Praying through the Psalms

Praying through the Psalms

Tuesday, July 21, 2015

What is Faith And What Does It Do?

James 2:20

"You foolish person, do you want evidence that faith without deeds is useless? 21 Was not our father Abraham considered righteous for what he did when he offered his son Isaac on the altar? 22 You see that his faith and his actions were working together, and his faith was made complete by what he did. 23 And the scripture was fulfilled that says, “Abraham believed God, and it was credited to him as righteousness,”and he was called God’s friend. 24 You see that a person is considered righteous by what they do and not by faith alone."

Many people think being justified by faith is an New Testament concept that Jesus introduced. As James teaches the early church in Jerusalem the connection between faith and works, he uses the example of Abraham, which the Christian Jews would be familiar with. He quotes the verse from Genesis 15:6 when it says, "Abraham believed God, and it was credited to him as righteousness." This sounds remarkably similar to Paul when he says, "we are credited with righteousness when we come to believe in Jesus. For if our righteousness could bring us to God, then Christ died for nothing." Galatians 2:20-21

When we are credited anything or given a gift, we can't claim that we earned it. But then James makes an argument that is often difficult and controversial for us. He says, "you see that a person is considered righteous by what they do and not by faith alone." One of the reasons reformer Martin Luther had such a hard time with the book of James (he called it the "straw gospel") was because of verses like this. He was concerned that people might take a verse like this and say, "See we are justified by works not faith."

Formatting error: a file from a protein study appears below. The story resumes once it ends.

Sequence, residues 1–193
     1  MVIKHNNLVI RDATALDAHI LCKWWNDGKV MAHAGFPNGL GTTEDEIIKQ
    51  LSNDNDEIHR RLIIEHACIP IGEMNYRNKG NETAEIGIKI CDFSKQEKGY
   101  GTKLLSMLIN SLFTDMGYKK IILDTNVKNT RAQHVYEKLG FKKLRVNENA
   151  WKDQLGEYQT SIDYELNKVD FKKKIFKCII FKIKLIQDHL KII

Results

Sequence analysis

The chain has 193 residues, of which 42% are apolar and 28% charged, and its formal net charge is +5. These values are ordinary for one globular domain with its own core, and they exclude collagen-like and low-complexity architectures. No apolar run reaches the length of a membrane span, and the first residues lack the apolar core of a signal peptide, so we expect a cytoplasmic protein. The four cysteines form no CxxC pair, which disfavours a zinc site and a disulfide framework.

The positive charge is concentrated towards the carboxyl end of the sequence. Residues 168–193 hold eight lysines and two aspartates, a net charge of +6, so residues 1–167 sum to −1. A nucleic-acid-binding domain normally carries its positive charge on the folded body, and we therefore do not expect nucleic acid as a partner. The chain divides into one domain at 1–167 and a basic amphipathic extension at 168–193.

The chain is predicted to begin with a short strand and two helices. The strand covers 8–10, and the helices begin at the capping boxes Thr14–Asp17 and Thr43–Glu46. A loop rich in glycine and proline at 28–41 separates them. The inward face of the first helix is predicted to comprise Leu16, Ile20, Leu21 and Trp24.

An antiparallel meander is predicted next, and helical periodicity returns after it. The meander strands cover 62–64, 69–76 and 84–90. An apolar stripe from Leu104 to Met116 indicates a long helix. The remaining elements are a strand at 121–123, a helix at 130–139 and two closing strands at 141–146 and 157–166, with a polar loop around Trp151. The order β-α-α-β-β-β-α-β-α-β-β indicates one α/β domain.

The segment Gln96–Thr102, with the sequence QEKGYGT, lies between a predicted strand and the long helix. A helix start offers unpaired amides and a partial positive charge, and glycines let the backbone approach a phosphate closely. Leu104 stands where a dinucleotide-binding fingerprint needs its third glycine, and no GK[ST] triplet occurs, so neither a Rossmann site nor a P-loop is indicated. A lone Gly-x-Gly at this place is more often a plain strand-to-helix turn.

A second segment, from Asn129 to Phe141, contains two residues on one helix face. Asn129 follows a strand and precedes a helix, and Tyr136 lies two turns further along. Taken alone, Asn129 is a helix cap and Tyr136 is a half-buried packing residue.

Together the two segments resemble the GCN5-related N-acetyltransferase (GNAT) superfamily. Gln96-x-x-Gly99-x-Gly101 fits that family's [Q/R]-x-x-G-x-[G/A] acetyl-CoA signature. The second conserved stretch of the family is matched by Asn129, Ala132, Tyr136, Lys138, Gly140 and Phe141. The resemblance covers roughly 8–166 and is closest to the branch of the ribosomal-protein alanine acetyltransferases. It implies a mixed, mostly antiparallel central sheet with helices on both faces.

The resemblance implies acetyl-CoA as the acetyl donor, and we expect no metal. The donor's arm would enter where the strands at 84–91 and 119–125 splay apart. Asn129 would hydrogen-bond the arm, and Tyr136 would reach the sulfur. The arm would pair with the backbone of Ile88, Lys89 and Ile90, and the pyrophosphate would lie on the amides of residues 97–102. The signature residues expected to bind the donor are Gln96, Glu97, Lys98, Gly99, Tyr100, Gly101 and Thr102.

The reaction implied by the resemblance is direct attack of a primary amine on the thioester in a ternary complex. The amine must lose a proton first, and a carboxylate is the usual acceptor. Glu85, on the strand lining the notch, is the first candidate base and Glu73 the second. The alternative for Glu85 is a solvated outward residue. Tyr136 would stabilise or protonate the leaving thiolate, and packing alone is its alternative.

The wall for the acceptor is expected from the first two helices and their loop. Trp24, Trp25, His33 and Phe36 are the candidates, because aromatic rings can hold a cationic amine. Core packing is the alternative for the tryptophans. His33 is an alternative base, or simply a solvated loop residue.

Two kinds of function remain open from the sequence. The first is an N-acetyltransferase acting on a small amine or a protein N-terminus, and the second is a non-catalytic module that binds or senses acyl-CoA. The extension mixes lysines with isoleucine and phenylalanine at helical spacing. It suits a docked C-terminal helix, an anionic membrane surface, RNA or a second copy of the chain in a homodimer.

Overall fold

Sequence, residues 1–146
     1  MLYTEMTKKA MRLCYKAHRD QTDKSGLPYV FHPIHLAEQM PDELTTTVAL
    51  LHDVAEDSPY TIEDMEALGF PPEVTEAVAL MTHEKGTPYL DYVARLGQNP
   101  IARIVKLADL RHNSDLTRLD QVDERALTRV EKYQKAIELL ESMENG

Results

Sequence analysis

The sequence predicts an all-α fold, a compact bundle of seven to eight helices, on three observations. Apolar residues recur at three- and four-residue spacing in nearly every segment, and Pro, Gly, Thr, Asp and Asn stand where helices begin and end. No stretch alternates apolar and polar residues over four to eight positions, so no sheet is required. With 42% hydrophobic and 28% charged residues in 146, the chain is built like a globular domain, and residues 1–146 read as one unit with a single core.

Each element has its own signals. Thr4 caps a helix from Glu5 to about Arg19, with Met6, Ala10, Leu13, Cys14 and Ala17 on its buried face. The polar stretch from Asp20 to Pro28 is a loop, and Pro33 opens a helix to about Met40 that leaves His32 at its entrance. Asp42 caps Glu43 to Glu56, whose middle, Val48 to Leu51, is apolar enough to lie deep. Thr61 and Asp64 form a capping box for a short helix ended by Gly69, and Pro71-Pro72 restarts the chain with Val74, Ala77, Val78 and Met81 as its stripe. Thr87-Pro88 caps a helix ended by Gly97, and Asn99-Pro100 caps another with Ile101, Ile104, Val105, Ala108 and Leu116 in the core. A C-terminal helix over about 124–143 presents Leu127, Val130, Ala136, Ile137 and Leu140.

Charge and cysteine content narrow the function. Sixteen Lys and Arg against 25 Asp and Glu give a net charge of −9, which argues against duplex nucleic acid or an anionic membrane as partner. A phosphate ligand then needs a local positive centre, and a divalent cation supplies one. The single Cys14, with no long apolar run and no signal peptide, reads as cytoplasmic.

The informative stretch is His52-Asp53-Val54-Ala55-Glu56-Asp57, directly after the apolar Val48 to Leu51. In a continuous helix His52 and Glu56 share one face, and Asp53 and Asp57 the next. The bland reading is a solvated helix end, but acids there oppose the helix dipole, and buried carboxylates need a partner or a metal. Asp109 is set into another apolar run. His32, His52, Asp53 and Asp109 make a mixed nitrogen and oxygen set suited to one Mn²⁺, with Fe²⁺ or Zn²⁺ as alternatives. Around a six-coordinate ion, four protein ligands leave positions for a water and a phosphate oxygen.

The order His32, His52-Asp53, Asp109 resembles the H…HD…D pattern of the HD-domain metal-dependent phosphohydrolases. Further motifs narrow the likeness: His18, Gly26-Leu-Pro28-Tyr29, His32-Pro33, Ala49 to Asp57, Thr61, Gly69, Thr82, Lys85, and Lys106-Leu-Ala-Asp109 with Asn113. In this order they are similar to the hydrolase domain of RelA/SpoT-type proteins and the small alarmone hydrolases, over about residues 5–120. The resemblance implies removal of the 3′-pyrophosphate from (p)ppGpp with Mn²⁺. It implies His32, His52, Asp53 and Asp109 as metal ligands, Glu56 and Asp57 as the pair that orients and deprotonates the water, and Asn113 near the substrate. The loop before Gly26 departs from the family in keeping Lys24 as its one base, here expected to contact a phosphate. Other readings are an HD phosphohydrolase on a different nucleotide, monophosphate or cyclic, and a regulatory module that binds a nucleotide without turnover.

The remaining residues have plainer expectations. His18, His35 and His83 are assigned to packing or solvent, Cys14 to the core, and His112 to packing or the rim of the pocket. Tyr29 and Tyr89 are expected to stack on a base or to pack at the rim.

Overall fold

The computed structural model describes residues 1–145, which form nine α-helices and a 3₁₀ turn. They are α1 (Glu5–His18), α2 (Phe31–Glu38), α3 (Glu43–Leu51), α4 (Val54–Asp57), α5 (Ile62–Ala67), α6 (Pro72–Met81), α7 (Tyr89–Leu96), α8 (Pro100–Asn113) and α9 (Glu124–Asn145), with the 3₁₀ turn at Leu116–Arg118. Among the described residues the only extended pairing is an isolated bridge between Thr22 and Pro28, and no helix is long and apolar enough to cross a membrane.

First, the rest of the bible teaches we are saved by grace through works lest any person should boast. See Ephesians 2:8. This was the rallying cry of the Reformation led by Martin Luther and others opposed to the Roman Catholic teaching on the role of works. So how do we interpret James' remarks? Is the bible contradictory? Are we supposed to hold these two things, "faith and works" in tension? I believe James is teaching as he has done already in this book, that faith is always followed by works, if it is genuine faith. Abraham believed God and it was credited to him as righteousness, and then he offered his only son Issac, as a sign of his faith. And wow did it take a lot of faith to do that. But, in the end, faith is still a gift given us to God. We don't earn faith by acting as if we already have it. Faith is trusting in God's promises. In this case Abraham trusted that if he offered up his son, God would provide and God did. That is why Abraham is called the "father of Faith".

Even though Abraham didn't specifically have faith in Jesus (because he hadn't come yet!), he trusted in God's promise of what He knew and God credited to him as righteousness. So if you consider yourself as one who has been given the gift of faith to trust in Jesus, how is God calling you to exercise faith? Where is God calling you to step out in your life, knowing that the only way you can do it, is to trust that God will provide. Hebrews 11:6 says, "Without faith it is impossible to please God!" Why? Because faith is trusting in God, and at the heart of any relationship is trust. As we trust God even with the hardest decisions for our lives we show what we do with this gift we have been given.

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